Tuesday, October 20, 2020
Home News Leftie youth should be taught the truth about Marxism

Leftie youth should be taught the truth about Marxism

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We are told that 49 per cent of 25-to-39-year-olds cannot see any circumstances under which they will be voting Conservative at the next election. Of the remaining 51 per cent, only 9 per cent intend to vote Tory. This finding comes from a YouGov poll commissioned by the Centre for Policy Studies for the launch of New Blue: Ideas for a New Generation.

Surprised? Staggered? Stupefied? You should not be. Almost certainly, anti-Tory feelings run a lot higher with even younger and upcoming voters. A TES survey of school-based mock general elections when the country went to the polls last year was informative. Only 15 per cent of pupils voted Conservative. Child-friendly Jeremy picked up 76 per cent. ‘The future has spoken,’ announced the TES, ‘and politicians would be wise to sit up and take notice.’ Indeed!

Conservative Central Office now styles itself Conservative Campaign Headquarters. Hopelessly adrift so far as most young people are concerned, this hapless bunch have hardly even woken up to the problem of why Toryism is such a toxic brand.

A clue can be found in that same TES survey. Amongst teachers only 8 per cent expressed an intention to vote Conservative. In contrast, 68 per cent opted for Labour. Since 92 per cent of teachers these days cannot see themselves voting for the Tories, where does that leave the campaigning side of Conservative Campaign Headquarters?

Criticise Labour and the Left as much as you like but with young people, especially in schools and universities, they are the overwhelming winners.

The Left has long understood that the path to power lies with the younger generation. Britain’s educational establishment was conquered around three decades ago. Cultural Marxism has now become the dogmatic orthodoxy in educational institutions. Even the suggestion that there may be an alternative vision is utterly demonised and in effect proscribed.

From the perspective of many young people, the only possible direction of travel for our society is towards the more or less fully-fledged socialism of Labour’s Jeremy Corbyn and John McDonnell. Directly and indirectly it appeals to the hearts of young people as kinder, fairer and modern. Equally, the curriculum is made to reflect this vision and no other.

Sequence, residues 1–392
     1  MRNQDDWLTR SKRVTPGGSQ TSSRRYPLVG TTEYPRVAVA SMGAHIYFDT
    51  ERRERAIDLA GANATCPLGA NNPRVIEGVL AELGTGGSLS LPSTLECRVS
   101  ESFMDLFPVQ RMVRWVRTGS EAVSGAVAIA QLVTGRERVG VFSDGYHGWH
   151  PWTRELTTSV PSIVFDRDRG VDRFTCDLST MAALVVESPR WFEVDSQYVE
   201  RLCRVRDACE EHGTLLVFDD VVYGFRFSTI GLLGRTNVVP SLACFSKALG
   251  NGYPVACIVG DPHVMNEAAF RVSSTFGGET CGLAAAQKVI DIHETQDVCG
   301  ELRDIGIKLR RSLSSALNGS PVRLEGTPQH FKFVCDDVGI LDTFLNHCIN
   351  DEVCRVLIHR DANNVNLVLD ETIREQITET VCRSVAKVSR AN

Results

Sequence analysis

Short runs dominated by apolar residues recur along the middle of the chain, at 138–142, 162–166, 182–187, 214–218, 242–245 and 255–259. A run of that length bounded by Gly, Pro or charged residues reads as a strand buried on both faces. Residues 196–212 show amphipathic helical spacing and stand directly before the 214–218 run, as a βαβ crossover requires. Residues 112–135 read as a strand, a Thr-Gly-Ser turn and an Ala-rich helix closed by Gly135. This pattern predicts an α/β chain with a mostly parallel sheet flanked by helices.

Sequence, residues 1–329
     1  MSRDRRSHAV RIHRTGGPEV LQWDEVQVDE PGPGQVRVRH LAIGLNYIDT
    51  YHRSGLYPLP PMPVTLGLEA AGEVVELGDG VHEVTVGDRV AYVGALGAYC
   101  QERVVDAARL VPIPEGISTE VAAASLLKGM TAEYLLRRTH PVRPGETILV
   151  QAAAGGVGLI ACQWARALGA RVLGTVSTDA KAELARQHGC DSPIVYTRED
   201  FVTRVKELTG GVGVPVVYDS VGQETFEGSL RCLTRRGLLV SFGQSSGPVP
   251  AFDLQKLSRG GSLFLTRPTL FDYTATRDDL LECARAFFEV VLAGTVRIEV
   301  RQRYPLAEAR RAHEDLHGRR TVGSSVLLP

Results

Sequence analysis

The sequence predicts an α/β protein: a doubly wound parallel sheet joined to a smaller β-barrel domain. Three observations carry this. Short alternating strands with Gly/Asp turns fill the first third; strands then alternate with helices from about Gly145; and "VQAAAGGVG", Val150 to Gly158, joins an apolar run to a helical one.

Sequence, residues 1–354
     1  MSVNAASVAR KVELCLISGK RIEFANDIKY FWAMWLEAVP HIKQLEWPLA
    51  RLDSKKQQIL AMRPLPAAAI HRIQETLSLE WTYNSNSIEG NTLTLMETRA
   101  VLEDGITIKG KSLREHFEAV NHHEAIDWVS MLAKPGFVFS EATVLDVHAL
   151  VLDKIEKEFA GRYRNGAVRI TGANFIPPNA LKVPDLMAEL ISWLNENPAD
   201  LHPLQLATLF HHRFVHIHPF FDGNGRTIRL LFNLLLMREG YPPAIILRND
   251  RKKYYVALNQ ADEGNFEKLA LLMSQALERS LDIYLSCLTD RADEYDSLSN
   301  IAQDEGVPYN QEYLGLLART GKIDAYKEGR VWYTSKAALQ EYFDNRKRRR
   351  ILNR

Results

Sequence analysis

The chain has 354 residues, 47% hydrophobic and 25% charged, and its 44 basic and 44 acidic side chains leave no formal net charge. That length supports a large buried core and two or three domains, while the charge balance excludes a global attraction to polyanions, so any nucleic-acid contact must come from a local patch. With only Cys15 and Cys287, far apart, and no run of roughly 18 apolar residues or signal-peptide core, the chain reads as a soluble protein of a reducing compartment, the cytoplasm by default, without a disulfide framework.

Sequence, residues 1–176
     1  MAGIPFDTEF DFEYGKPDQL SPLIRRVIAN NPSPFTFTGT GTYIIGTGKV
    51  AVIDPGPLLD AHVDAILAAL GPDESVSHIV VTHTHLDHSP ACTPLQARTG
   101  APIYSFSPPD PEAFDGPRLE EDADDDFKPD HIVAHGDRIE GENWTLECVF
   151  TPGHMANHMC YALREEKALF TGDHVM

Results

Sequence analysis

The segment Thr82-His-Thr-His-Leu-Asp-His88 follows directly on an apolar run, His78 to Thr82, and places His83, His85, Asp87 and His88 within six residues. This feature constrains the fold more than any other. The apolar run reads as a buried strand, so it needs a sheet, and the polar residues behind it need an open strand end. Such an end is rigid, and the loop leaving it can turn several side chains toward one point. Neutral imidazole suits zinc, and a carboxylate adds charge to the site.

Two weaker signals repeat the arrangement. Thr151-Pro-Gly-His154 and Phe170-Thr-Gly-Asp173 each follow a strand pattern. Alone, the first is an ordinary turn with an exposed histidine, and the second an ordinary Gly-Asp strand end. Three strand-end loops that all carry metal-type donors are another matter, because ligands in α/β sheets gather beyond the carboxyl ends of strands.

Certainly, the requirement for schools to teach so-called British Values has been hijacked. In the classroom it translates into respect for diversity and the points of view of others only if those other views are not associated with the conservative side of the traditional Judeo-Christian world-view.

This can be illustrated by how we teach history. The national curriculum does not prescribe many specific events and personalities and none at all from British history. West Africa, the Islamic world and Central America do find themselves on a compulsory list but nearly all other topics from European and world history are described as ‘non-statutory’. ‘What to teach’ is a free-for-all, with slavery and the sins of British imperialism amongst the most popular choices.

In Australia this approach has become known as ‘black armband’ history. It is driven by shame about one’s own country and it is a driving force behind indoctrinating young Brits in socialism.

If the Conservatives are to have any hope of reversing the overwhelming swing to the Left in British schools and win some future elections they should require not less but more black armband history. It should prescribe the study of Marxism in all its glory – the mass murder and starvation of millions under the likes of Stalin, Mao and Pol Pot.

Young people and their teachers need to know where socialism can lead as much as they need to know where fascism ended up. Such knowledge would liberate them to vote with their heads as well as with their hearts.

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Chris McGovern
Chris McGovernhttp://www.cre.org.uk
Chris McGovern is the Chairman of the Campaign for Real Education. A retired head teacher with 35 years’ teaching experience, Chris is a former advisor to the Policy Unit at 10 Downing Street under two Prime Ministers.

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